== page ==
The Divine Lamp

The unfolding of thy words gives light; it imparts understanding to the simple…Make thy face shine upon thy servant, and teach me thy statutes

Father Boylan’s Introduction to Psalm 85

Posted by Dim Bulb on August 16, 2013

ISRAEL’S COMFORT IN SORROW

THIS psalm is a liturgical composition dating from the post-Exilic period. It reflects the griefs and hopes of the post-Exilic community in Israel. The decree of their liberation from Babylon had filled the Exiles with joy, but their homecoming had been full of disappointment. Instead of joy and peace, unsettlement and sadness prevailed throughout the land, and men were wondering why the Lord had brought them back from Babylon only to the disillusionment of Juda. We find in the psalm the same spirit which breathes in the beginning of the books of Aggaeus (Haggai) and Zachary (Zechariah). If the Lord had great designs for Israel when He used Cyrus to set the Exiles free, why does He not begin to accomplish them? Has the divine anger which handed over Jerusalem and its people to the Chaldeans (Babylonians) not been appeased by the sufferings of the Exile? Is that anger about to burst forth against His unhappy people once more? Is there no hope that the old greatness of Israel will be restored? Surely the wonders of the past, and, above all, the grace of liberation from captivity will not end in the destruction of Israel!

The poem falls easily into three parts. In the first (Ps 85:2-4) the graces and mercies of the liberation from the Exile are recalled. We can imagine this part of the psalm as sung by a portion of the people gathered together for worship, by a choir, or by the priests.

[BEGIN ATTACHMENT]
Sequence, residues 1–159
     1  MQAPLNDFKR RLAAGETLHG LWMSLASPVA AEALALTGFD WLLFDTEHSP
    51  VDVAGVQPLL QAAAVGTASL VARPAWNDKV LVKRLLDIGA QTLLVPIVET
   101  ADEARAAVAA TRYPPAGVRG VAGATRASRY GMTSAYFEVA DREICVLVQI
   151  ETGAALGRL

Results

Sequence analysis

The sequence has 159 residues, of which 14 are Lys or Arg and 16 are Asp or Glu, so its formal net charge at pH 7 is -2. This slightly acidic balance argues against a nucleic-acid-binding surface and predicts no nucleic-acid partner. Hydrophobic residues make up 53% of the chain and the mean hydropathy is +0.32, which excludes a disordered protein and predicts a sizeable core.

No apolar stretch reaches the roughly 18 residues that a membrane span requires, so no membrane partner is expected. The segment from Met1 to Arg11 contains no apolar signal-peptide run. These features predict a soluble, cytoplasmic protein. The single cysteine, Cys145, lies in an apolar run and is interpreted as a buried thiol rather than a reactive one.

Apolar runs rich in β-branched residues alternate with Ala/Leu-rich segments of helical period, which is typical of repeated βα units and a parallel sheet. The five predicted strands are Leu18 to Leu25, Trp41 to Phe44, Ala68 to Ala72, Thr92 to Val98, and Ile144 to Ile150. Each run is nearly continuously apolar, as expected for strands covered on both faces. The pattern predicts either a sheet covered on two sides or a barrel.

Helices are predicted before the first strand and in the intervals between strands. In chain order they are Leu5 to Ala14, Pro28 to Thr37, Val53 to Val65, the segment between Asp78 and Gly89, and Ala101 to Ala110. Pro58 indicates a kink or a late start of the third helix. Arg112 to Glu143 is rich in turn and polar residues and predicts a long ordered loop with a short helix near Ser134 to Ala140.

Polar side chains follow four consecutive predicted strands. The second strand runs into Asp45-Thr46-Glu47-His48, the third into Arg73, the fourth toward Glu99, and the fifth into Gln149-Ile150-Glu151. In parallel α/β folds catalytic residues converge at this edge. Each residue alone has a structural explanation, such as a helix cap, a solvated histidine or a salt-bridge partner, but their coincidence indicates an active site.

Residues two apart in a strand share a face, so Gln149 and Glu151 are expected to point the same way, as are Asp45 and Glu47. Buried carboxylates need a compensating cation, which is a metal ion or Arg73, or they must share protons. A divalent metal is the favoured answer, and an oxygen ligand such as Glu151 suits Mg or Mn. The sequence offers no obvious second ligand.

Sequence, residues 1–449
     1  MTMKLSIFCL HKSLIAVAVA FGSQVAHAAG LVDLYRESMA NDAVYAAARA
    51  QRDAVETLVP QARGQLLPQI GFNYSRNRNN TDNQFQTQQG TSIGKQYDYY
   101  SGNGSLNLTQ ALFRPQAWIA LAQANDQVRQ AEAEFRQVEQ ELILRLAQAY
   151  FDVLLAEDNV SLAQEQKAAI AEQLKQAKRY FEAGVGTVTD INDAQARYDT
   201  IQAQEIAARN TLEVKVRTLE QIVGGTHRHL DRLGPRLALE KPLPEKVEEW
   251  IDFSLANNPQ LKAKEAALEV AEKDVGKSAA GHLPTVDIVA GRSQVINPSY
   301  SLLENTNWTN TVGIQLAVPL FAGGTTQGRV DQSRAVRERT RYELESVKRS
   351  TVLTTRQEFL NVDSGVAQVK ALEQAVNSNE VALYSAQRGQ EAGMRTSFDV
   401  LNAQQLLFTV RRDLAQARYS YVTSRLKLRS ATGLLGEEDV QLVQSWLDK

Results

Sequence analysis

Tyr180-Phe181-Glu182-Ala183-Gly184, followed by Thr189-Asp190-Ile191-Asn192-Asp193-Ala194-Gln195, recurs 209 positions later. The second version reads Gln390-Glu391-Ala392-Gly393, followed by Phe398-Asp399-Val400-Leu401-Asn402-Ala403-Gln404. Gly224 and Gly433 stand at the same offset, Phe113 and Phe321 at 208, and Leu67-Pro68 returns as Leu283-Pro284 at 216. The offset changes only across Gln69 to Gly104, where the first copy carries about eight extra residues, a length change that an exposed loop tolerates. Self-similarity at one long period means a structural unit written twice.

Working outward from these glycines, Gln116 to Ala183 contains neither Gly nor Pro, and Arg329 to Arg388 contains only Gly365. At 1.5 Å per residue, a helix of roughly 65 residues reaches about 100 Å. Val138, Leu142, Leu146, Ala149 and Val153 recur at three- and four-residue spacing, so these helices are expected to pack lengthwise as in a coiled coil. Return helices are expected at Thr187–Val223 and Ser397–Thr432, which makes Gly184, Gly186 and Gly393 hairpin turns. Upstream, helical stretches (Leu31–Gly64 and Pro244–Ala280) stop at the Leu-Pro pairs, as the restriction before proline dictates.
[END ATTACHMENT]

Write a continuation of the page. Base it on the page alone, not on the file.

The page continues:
The second part of the psalm is (Ps 85:5-8). Here another choir implores the Lord to complete the mercies which the Liberation had begun. Surely He will not be again angry with His people as He had been before the Exile. Surely His wrath will not blaze forth unto the destruction of Israel again! It is time for the Lord to show His gracious favour again, that Israel may live and praise Him.

In the third section (Ps 85:9-14) a soloist sings a prophetic message of comfort for Israel. As if listening to the words of Yahweh the prophet sings. His song is an oracle of hope. Help from the Lord is at hand. The words of Yahweh are words of peace—of rest and of security. The Peace and the Glory of the Lord will soon be seen again in Israel. A wonderful picture of the Lord’s benignant rule is drawn in familiar Messianic colours. Justice, Truth, Graciousness, Peace, as Yahweh’s ministering Angels, will rule everywhere in the land. The earth will be fruitful beyond all hope. Wherever the Lord walks abroad in the land Justice goes before Him and Peace follows in His train. The hope that painted a picture like this at a time of deepest political depression could spring only from the unshakeable conviction that God was on the side of Israel.

The structure of this poem should be compared with that of Ps 124—where the prophetic portion is wanting, and also with that of 93 and 79.

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